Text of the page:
Which brings me to that other reason that I write.

I write because I’m apparently allergic to money, and there is no safer bet to avoid the pressures and burdens of being ridiculously wealthy than to aspire to be a writer. Yes, there are a few of us who have, for whatever reason, slipped into obscene riches. But when you write about boy wizards and vampires, you should know the risks.

All artists tell themselves and each other that art is essential. But deep down we know that’s not true. What’s essential is water, food, shelter, clothing and, for most Americans apparently, ammo. But that’s just for animal survival. To live as humans, art is essential. It becomes so the instant you realize that one day you’re going to die. Living with mortality is impossible unless you’re a creative being, or at least receptive to the creativity of others.

The steroidal winner-take-all free-market capitalism of today sends us the message that animal survival is all that really matters, that the banker is a more exalted expression of human aspiration than the poet. And it’s an ethic that even artists begin to take to heart after a while.

For years, I lashed myself for indulging in writing. “You want to make a real difference in the world?” the Inner Critic said, “Go be a farmer. Feed people. Build them houses. Your pretty words can’t fill bellies. Your songs, your plays, your paintings, a man will burn them all to keep his children warm.”

That is, of course, a cynical and corrosive worldview. That puts us on an equal plane with cows and birds and pigs and insects. All false modesty aside, the human animal is a first among equals. If we make it our highest calling just to keep our bellies full, we are abdicating our potential as the most advanced lifeform in the known universe. And once we are warm, safe and no longer hungry, art is what beckons us to meet a deeper hunger. Art is the greatest adventure.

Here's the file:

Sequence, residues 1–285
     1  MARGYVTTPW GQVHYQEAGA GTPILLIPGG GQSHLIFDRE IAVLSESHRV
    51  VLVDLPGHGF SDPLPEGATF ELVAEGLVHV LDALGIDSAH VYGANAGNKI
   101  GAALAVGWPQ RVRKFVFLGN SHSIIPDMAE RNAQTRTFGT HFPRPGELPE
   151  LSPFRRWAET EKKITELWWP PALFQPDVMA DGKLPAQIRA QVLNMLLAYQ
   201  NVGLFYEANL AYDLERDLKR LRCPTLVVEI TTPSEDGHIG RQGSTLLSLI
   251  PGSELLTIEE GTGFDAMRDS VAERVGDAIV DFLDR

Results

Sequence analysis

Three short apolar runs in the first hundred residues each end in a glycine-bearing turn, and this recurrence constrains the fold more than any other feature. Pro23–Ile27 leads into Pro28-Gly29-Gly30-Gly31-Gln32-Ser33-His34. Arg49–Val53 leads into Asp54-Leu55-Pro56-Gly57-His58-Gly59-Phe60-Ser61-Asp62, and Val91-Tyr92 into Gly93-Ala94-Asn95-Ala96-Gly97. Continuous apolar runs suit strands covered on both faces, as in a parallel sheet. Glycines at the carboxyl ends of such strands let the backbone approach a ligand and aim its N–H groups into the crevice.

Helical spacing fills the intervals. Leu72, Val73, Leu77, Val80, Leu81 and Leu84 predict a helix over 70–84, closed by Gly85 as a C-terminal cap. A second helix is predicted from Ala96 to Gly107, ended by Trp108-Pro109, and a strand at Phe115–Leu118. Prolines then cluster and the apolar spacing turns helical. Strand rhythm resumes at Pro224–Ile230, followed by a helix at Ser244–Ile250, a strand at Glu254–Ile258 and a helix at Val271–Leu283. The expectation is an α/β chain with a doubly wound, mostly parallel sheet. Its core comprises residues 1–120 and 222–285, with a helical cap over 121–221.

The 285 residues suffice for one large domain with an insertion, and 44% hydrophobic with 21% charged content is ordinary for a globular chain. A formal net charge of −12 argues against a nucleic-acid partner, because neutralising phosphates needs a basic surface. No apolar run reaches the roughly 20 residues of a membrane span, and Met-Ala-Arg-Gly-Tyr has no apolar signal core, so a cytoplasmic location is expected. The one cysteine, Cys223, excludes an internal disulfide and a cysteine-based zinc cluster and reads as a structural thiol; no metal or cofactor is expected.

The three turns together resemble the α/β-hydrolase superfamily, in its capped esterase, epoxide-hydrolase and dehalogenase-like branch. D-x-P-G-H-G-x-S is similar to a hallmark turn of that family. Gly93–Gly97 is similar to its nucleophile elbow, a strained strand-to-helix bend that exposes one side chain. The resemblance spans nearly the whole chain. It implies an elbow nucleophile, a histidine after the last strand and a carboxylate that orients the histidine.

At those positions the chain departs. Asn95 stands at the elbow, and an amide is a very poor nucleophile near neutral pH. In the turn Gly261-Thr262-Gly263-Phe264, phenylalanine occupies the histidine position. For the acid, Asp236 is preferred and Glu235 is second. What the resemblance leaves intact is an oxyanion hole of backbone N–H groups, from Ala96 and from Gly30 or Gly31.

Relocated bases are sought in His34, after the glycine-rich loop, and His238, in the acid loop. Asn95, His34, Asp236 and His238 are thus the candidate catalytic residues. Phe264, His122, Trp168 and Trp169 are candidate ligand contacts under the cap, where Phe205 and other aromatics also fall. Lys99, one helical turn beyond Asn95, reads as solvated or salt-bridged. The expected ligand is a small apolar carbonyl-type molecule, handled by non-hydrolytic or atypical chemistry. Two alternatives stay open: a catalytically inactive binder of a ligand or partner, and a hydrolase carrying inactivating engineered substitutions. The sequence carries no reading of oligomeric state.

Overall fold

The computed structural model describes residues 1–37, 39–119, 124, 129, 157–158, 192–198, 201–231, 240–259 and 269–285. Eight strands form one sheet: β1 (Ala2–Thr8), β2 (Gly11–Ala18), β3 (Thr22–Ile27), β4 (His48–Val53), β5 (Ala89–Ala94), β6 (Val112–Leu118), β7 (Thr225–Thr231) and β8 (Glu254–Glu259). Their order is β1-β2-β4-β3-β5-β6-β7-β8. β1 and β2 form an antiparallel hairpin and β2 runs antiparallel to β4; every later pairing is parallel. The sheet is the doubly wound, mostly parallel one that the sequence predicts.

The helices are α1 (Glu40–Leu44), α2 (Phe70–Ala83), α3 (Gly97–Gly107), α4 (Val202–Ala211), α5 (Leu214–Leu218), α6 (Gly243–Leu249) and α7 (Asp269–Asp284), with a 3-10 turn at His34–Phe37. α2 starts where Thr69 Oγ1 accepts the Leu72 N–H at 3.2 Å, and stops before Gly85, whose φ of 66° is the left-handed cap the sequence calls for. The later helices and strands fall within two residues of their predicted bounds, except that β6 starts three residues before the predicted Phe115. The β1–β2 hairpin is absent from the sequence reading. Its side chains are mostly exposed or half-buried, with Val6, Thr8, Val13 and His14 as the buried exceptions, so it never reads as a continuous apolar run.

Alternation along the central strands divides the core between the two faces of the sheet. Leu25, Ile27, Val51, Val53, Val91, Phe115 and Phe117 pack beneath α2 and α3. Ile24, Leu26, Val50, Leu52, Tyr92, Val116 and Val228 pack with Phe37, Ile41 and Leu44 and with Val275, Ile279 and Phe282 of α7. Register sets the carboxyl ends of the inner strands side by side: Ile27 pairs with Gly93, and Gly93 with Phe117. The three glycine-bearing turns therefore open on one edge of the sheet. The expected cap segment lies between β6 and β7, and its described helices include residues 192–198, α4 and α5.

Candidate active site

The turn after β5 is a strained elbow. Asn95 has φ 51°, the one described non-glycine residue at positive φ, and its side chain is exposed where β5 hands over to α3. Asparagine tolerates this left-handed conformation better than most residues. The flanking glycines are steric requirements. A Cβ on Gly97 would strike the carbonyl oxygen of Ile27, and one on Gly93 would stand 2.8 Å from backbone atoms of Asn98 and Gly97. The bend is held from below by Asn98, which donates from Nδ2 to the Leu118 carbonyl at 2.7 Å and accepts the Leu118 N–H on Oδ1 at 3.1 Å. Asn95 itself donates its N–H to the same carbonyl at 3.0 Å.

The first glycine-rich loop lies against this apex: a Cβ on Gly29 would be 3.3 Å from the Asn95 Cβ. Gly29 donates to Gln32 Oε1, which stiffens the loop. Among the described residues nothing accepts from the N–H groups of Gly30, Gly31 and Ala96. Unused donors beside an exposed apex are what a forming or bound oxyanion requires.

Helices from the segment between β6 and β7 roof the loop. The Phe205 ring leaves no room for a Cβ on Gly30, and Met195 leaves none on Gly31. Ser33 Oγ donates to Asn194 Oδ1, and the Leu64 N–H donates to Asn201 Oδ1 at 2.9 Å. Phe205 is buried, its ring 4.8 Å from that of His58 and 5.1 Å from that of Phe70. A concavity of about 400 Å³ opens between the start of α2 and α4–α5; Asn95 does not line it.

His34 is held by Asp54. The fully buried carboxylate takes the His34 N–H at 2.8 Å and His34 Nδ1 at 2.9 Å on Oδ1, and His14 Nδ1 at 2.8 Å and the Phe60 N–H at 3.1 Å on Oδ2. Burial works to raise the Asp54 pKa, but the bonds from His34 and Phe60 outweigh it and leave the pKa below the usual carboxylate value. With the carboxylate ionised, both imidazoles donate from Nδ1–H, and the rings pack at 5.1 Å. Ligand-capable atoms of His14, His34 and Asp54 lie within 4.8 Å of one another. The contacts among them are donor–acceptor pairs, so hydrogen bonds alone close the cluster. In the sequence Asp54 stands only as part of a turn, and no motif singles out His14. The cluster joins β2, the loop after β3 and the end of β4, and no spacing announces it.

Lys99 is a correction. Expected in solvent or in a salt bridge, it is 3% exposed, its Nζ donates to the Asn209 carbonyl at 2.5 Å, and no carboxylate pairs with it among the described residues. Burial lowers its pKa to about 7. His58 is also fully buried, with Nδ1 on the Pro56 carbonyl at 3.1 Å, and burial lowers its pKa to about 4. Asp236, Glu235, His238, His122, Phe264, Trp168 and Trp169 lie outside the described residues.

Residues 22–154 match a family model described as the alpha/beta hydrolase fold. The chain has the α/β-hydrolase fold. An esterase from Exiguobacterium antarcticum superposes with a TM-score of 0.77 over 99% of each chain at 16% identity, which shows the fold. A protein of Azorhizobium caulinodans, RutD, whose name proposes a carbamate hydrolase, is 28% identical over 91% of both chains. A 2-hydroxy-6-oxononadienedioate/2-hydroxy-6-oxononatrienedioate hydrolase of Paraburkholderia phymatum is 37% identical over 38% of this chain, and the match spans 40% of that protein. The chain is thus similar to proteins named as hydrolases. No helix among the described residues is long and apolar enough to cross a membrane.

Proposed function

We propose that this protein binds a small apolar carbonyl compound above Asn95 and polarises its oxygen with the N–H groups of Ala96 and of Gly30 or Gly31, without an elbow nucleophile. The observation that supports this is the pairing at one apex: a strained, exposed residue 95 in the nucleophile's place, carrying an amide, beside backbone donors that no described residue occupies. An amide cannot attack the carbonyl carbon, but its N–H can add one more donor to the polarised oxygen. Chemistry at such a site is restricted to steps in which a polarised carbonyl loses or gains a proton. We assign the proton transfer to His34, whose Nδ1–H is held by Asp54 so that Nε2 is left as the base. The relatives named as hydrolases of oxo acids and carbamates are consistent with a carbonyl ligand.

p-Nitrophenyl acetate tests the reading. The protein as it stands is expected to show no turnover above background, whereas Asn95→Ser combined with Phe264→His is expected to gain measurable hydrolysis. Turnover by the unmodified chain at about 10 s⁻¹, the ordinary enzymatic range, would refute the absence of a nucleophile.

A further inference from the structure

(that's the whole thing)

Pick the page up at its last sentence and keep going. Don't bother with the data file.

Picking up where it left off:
And by art, I don’t mean pictures on tote bags. I’m talking about the impulse to find out who we are and where we’re going. Religion and spirituality are forms of art and not until we can see that are we ever going to be truly free. The Bible, the Torah, the Koran, the Bhagavad Gita – these are all works of writing. They are God’s way of making art, if you’re inclined that way. Greek myths are stories, works of art, that dragged us out of antiquity. And the great religions of the world are now the institutions compelling us to live, and occasionally die, for the sake of a metaphor.

Our species is caught between the literal world and the metaphorical world, and the result is an intractable cycle of unimaginable pain and violence and suffering. Art provides a way out of that in-between place. We all have an individual mission on this earth, to become the best human we can be before our time is up. To be better people than our parents were, and compel our children to be better than we were. That can’t be done without art.

I’ve used a lot of words here to express what can be really captured in just one five-letter word. T-R-U-T-H. If truth is that far land beyond the horizon to which the inner compass of our humanity draws us, then metaphor is the boat that will take us there.

And that’s why I write: to earn my place on that boat.

Wallace Baine Photo

Wallace Baine has been covering the arts and entertainment scene in Santa Cruz County for the Santa Cruz Sentinel for 20 years. He has won national awards for his columns, and is the host and creator of the Gail Rich Awards, honoring artists and arts supporters. He is the author of the collection "Rhymes With Vain." He likes saying "Mozambique" and gets really weird when he's carrying more than $20 in his pocket.


Winter 2012 Issue

Wallace Baine
Don Rothman
Karen Ackland

Carolyn Burke
Farnaz Fatemi
Gary Young

Clifford Henderson
Micah Perks
Paul Skenazy

Julia Chiapella

Love Letters Project
Wallace Baine
Lauren Crux
Stephanie Golino
Neal Hellman
Cheyenne Street Houck
Erin Johnson
Wincy Lui
Elizabeth McKenzie
Alyssa Young